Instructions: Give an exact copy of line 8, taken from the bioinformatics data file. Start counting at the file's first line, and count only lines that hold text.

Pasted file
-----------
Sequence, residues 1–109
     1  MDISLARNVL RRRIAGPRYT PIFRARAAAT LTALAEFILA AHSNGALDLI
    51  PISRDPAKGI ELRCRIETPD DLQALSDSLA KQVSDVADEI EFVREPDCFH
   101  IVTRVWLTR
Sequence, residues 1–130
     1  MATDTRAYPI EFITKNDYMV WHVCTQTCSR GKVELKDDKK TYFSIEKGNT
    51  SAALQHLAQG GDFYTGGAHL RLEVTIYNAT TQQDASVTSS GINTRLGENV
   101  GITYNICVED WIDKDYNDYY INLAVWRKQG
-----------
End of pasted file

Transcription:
   101  GITYNICVED WIDKDYNDYY INLAVWRKQG